That shiny food marketing label

That shiny food marketing label often looks far better than it is. Some are downright absurd if you think deeper into it. And here are my thoughts on them.

On Meat Products:

Antibiotics-free: Means what it says and nothing more.

Antibiotics are used on farm animals in crowded conditions to allow more animals to survive till slaughter in unsanitary conditions. Overuse of antibiotics in animals creates antibiotic resistant strains of bacteria which ultimately ends up in us. No antibiotics is always good.

However it does not mean the animals are raised in significantly more comfortable conditions though it may imply healthier ones. (See how the Dutch does it).

Cage-free: Take it literally…not in cages.

Just because the animal is not in a cage does not mean it is not crowded together with thousands of its brethren in barns…

Corn-fed/Grain-fed: If this is seen on a US product, this is redundant. Unless otherwise specified, everything is raised on corn/grain here, from cows to chickens. They would stuff corn into grasshoppers too when it comes down to it.

And it is not necessarily a good thing. If corn is not part of the natural diet of an animal, the nutrient profile of the meat changes, and it is not likely to be for the better. For beef at least, you get only a fraction of Omega-3s and other “good” fats.

Fish + corn? Does not compute…but some farms do that anyway.

Free-range: Good attempt…but it may not be what you expect.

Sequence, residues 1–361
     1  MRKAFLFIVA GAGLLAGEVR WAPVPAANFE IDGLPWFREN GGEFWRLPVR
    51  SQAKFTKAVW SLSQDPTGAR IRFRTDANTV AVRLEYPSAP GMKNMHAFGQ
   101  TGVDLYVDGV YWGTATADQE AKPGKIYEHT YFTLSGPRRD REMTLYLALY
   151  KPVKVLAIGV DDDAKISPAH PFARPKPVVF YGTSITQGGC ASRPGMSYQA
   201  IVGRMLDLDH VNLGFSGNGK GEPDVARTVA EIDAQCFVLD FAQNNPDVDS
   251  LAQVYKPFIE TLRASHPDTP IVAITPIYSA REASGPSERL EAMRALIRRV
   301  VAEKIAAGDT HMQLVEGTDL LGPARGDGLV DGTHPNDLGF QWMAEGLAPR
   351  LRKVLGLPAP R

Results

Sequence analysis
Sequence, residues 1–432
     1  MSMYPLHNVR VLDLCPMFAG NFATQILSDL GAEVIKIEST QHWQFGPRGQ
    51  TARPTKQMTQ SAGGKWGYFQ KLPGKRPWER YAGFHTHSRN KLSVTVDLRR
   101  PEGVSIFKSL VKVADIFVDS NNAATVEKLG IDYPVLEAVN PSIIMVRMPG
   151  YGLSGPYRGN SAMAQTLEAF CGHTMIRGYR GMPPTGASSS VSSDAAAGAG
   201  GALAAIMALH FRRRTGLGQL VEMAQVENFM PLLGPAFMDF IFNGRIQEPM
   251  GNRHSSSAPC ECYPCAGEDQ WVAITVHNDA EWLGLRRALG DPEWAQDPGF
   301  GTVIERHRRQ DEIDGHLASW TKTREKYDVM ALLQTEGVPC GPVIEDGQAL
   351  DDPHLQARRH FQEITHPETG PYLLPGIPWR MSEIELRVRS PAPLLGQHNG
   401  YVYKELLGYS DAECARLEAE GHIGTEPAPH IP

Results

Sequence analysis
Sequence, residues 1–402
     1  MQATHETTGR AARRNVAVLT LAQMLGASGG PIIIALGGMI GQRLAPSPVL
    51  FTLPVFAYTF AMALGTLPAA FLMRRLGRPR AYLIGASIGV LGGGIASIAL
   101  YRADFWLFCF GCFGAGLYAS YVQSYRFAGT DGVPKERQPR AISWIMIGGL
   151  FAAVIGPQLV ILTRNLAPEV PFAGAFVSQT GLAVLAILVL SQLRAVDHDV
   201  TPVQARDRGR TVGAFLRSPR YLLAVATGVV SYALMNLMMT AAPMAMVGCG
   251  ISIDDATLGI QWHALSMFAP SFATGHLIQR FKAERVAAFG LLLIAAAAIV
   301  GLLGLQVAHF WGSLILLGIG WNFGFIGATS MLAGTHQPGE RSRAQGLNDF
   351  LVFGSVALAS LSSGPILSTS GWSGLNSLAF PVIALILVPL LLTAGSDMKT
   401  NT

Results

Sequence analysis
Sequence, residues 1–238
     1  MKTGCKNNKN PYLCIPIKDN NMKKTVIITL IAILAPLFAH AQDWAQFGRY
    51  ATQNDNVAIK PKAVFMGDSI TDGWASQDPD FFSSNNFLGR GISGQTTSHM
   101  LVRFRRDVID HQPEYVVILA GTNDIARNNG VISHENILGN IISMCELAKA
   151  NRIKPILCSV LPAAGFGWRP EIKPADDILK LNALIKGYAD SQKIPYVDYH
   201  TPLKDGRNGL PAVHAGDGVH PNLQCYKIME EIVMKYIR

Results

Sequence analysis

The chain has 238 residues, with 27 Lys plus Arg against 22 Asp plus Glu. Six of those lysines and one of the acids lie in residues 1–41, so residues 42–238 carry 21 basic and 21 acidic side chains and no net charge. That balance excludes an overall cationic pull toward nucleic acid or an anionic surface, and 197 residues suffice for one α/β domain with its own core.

The USDA regulations do not specify the quality or size of the outside range nor the duration of time an animal must have access to the outside, which makes the term somewhat meaningless.

Grass-fed: Cows eat grass. Sheep eat grass. The fact that we actually need this label just demonstrates how weird our farming has become.

Apparently there is a distinction between grass-fed and 100% grass-fed too, which is whether the animal spent the last couple months on grain or not. Purportedly, the meat tastes better if not 100% grass-fed.

It may not guarantee that the animal is allowed outdoors either. The grass can always be cut and stored for later consumption by a confined animal.

Hormone-free: Means what it says and nothing more.

Hormones are used to make the animals grow faster and fatter, reducing the time to slaughter. The problem is not so much with the resulting animal but rather what happens to the excess hormones after the meat is eaten.

Is it good for you? Never. Is it bad for you? *Shrug*. No one knows because there is little research done on long term effects on people. (Why waste money funding research detrimental to your business?) There is some suspicion that it causes early puberty and other problems.

Well, better safe than sorry.

Nitrite/Nitrate-free: Who is to argue with WHO when they say “Processed Meats are bad for you?”

Nitrites and nitrates are part of the curing process for processed meats such as sausages. Maybe we’ll be safer if we can achieve the same effect without them…

If in doubt…just accept it that this is better.

Skinless: Nothing but a waste of good food in an attempt to follow fad diets.

The odder thing is that you are charged more for it. Things don’t make sense does it?

Pasture-raised: As animals should have been raised right from the start.

Animals appear to be given a chance to eat their natural diet but with supplements when  low in supply or just absent, like during winter.

Does not imply organic though, nor does it actually mean the animals are always outdoors. Depends on the farm.

Should still be a notable upgrade from the usual animal though…I think.

Vegetarian-fed: An absurd assertion. What they probably want to say is that “we don’t turn our animals into cannibals” but writing “vegetarian” is just silly.